Return Home By Christmas

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In December 2019 caregiver Nakiea found herself by her husband’s side in a local hospital where he was unconscious and deteriorating rapidly. Nakiea reached out to her husbands VA medical center some three hours from their home in Oklahoma City, only to learn they would reject taking her husband for care. This became exhausting for Nakiea making phone calls to figure out how to get her husband transferred to his VA medical center only to keep reaching dead ends. Nakiea reached out to our organization and as such we made several phone calls that resulted in a more immediate response from the VA medical center Oklahoma City. They determined that the veteran needed care they could not provide at that time so they made arrangements to life flight him to Ft Worth Texas, where he would remain for nearly two weeks. 

Nakiea had needs that were not being met at the hospital and she was not willing to ask. Our team following up felt it worth networking to provide a safe place for her to shower, receive meals and pastoral care.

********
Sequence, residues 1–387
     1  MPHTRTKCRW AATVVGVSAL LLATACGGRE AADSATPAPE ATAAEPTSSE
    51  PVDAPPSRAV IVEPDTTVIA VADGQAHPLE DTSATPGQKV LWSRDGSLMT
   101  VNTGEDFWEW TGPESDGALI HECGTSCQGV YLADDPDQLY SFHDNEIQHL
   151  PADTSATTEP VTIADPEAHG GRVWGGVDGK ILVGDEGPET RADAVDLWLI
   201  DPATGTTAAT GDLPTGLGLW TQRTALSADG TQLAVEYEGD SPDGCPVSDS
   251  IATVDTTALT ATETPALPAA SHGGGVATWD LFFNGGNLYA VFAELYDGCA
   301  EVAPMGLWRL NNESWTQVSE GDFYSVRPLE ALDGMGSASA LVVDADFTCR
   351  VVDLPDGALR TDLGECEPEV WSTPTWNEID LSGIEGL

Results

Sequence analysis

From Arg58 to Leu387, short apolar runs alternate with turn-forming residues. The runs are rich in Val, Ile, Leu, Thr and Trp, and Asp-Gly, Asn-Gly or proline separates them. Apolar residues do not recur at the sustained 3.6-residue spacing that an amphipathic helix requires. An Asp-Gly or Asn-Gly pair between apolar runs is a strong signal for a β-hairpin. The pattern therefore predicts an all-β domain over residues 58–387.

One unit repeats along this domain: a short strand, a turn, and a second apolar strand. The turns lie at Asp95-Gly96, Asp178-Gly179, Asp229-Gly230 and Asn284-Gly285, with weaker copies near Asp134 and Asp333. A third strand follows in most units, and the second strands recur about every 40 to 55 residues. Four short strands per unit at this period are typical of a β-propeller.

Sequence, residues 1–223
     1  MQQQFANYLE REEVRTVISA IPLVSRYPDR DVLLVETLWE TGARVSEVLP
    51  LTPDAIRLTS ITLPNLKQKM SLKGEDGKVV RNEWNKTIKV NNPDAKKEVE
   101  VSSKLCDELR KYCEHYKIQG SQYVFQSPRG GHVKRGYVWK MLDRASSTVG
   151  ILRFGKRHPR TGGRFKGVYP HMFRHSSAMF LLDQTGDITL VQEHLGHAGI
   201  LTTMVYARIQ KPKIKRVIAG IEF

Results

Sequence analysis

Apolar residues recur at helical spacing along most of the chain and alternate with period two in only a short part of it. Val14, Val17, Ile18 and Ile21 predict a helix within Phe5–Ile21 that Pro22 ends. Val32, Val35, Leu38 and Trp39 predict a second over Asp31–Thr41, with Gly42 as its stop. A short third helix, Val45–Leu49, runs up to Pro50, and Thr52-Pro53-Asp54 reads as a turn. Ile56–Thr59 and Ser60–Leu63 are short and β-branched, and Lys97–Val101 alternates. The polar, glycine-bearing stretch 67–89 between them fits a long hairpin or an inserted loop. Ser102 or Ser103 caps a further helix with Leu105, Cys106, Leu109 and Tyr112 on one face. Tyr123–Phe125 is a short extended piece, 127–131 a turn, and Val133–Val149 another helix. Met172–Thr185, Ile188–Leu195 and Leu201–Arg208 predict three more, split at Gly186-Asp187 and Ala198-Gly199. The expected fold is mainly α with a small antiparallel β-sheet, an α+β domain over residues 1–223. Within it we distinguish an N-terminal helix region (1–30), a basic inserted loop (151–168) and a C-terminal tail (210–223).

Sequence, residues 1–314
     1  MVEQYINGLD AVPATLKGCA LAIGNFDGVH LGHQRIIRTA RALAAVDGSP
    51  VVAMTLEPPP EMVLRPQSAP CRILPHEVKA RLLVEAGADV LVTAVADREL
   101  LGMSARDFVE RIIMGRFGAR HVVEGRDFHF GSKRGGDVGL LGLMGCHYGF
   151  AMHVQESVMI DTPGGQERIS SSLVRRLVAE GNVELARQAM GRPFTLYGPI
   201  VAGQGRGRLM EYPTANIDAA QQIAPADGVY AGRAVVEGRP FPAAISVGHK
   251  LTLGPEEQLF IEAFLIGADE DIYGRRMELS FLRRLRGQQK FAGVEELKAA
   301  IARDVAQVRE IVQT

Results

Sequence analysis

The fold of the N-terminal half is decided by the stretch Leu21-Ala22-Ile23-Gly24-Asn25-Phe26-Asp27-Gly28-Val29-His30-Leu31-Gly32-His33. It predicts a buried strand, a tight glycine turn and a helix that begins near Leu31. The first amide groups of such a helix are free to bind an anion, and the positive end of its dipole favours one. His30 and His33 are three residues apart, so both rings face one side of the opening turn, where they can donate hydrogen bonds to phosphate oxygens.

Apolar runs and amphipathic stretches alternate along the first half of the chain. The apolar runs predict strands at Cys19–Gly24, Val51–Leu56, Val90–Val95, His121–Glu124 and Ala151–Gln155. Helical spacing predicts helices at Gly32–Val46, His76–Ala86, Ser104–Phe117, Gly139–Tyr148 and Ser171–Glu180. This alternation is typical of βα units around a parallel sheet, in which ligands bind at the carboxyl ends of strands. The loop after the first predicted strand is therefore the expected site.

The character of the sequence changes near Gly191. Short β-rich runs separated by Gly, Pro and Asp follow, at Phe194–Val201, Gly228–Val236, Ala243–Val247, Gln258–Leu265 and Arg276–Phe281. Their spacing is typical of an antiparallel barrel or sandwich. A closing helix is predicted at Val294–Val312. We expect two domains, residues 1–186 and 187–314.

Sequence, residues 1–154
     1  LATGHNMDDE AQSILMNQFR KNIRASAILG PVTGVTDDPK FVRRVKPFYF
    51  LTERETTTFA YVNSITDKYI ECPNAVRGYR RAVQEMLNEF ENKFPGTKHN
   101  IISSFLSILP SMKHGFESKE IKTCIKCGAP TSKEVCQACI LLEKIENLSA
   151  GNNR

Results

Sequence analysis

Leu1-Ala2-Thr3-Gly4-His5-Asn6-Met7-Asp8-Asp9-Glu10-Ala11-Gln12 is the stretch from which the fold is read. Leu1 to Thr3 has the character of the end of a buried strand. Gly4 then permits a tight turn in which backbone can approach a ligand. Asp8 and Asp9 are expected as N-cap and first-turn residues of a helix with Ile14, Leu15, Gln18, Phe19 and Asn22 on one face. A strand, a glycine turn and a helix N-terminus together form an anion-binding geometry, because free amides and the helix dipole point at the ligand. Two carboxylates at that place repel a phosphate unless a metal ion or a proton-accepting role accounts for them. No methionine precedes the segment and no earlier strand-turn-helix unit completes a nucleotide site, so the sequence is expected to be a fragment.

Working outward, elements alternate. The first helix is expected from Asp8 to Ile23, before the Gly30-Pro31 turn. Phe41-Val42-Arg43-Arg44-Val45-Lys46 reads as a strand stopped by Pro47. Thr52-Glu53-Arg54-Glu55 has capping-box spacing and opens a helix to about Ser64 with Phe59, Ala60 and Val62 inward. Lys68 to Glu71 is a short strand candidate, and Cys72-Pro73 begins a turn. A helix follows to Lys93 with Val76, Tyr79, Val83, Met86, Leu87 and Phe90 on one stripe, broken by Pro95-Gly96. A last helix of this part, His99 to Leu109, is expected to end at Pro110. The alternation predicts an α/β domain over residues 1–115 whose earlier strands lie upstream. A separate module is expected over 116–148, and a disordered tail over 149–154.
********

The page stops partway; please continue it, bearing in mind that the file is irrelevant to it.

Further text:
Our team went to work utilizing a map and google search to obtain a list of resources that would provide more support than Nakiea has experienced in her tenure as a caregiver to her Richard. 

We were able to connect with the Ridglan Christian Church for shower services. The Vietnam Veterans of America Texas State Council provided hot fresh whole meals, which we learned was a big blessing as the cafeteria services were not available in evenings or weekends at the hospital. And the Naval Air Station sent over pastoral care services who connected to the group Roll Call who provided a support person to sit with Nakia’s husband while she drove five hours to pick up some items her veteran needed to be able to return home. 

These services put in place were able to sustain Nakiea through the journey of getting her husband well and returned home by Christmas. 

One of the most notable comments from Nakiea about this experience was as follows

“you have no idea what this all means to me, there was a time where we were in the hospital before and someone offered to bring me a hamburger after seeing a post I made on Facebook. That post was taken down before that person could bring me the burger and that made me feel abandoned. This experience has taught me the value of asking for help and trusting that it would be there when I needed it most.”

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